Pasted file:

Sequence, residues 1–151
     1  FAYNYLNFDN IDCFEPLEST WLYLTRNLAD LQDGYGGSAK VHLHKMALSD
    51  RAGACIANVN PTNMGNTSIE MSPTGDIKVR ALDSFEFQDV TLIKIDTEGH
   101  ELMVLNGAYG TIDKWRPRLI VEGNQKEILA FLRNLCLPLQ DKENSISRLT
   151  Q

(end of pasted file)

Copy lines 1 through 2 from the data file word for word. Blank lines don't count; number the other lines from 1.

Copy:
Sequence, residues 1–151
     1  FAYNYLNFDN IDCFEPLEST WLYLTRNLAD LQDGYGGSAK VHLHKMALSD